Make your learning space a sacred space. Establish specific behavior goals. Establish early on how students will treat the space. Tell students you have three "base line" rules that always remain as a foundation: 1) We must respect the Art of Dance 2) We must respect the learning happening in this space 3) We must respect each other. If the students break one of these, give them some time to consider how and why they violated one of the "base line" rules.


Create a class that promotes FUN and INQUISITIVE THINKING. You want them to be challenged, and you want them to leave feeling good. When we create our classes, there is always a deliberate "fun" point (that can be something as simple as running around the classroom aimlessly, or creating a game with competition) and a "thinking" point (where we ask the students to think about something they are learning or dealing with in life, and relate that to dance). We promote an environment that encourages students to be internally motivated. We explain that only THEY can make themselves better dancers, we are only here to provide exercises as the vehicle to becoming a good dancer. We never beg a student to dance. We allow them to choose for themselves how their day/class/learning will be. We also explain to them (and show them) the results of what they could be if they work really hard.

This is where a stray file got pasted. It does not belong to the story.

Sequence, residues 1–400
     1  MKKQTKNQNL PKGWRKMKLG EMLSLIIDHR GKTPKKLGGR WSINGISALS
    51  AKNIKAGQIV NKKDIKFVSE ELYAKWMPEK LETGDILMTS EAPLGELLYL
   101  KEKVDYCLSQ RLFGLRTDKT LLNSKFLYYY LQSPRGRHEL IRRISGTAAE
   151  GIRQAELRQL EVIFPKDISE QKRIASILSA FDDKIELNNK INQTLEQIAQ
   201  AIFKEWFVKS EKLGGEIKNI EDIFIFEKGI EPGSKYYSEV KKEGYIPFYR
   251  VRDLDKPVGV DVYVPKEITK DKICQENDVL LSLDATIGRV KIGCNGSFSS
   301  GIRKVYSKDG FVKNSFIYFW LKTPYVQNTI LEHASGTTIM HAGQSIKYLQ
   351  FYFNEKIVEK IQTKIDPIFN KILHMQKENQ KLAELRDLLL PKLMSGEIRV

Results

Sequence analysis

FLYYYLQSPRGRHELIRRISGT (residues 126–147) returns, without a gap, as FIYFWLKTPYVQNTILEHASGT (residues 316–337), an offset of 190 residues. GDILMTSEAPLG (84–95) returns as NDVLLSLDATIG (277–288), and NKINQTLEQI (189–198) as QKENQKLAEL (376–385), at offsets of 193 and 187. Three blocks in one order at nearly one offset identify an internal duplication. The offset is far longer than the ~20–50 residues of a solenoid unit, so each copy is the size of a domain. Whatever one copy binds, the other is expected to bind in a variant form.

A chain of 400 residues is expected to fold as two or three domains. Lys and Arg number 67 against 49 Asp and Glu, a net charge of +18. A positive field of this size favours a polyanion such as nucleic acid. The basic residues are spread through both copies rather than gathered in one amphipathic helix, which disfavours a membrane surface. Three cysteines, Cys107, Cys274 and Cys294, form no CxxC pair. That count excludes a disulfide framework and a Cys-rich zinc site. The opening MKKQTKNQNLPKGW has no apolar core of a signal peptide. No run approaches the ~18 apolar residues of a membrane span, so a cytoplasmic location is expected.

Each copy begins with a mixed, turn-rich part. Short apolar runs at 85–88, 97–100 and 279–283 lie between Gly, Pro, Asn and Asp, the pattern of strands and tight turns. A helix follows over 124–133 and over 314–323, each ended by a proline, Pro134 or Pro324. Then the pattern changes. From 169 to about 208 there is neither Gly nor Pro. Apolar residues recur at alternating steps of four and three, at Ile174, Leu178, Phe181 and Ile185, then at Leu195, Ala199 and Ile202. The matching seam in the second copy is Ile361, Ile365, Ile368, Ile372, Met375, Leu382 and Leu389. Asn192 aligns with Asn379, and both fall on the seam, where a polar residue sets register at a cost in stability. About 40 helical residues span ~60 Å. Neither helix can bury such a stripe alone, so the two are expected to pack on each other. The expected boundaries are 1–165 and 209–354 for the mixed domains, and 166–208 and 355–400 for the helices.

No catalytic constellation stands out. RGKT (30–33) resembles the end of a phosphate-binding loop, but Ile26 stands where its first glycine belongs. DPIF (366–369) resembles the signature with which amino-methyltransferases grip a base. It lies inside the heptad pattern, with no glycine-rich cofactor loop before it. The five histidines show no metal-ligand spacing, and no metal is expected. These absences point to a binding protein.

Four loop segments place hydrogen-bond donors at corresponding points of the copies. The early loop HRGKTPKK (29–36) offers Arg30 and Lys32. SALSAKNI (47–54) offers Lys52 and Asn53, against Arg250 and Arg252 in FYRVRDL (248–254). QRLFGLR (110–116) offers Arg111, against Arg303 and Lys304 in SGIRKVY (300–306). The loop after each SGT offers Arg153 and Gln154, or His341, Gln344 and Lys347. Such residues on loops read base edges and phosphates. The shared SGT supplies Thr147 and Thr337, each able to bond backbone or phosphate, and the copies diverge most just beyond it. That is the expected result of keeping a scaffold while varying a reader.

Teaches, appreciates and adds quality to a student's life:

Quality, according to William Glasser, means 1) caring for each other 2) it's always useful 3) it always involves hard work on someone's part 4) when we are involved with it, as either a provider or receiver, it always feels good. Provide quality lessons for your students. Encourage them to care for each other, be useful, work hard, be involved and feel good. Show them how to add to people's lives in a positive, influential way.

Has their students accept responsibility for their learning and behavior:

Learning isn't just about having the students listen and repeat. Have the students take responsibility for their learning as well as their behavior. Have them understand how they act affects how others learn and act. Together, we are a team. Together, we are on a journey. We always call our classes "a family." We say, "Let's try this together as a family." This always makes them giggle, but they end up helping each other, supporting each other, cheering each other on when they need it, and giving each other space if they are getting frustrated. They function as a unit, and as strong individuals there for each other to lean on.

Actively listens:

Pay attention to what your students and their parents say. Listen, ponder, ask questions, be involved. You are more valuable as a teacher if you understand where your student is in life, and how they function, how they process and what they want. Actively listening can lift a lot of clouds, prevent a lot of emotional strain, and foster genuine learning and changes in a student.

Isn't afraid to admit when they are wrong:

We are not perfect beings (though we'd like to be!) When we get something wrong, we admit it. We shake the dust off, and we try again. Teaching can be a lot all at once. While we try to prevent over stimulation in our students, we find ourselves often over stimulated: trying to remember names, needs, behavioral issues, allergies, material, curriculum, timing, on and on. We cannot be afraid to mess up, admit our mistakes, and lean on our fellow teachers. We cannot be afraid to admit that we are human beings.

What we do MATTERS. Take it seriously. Be exciting. Encourage positivity. Guide lives. Be a great teacher.



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Design & Development by Shane Jeffers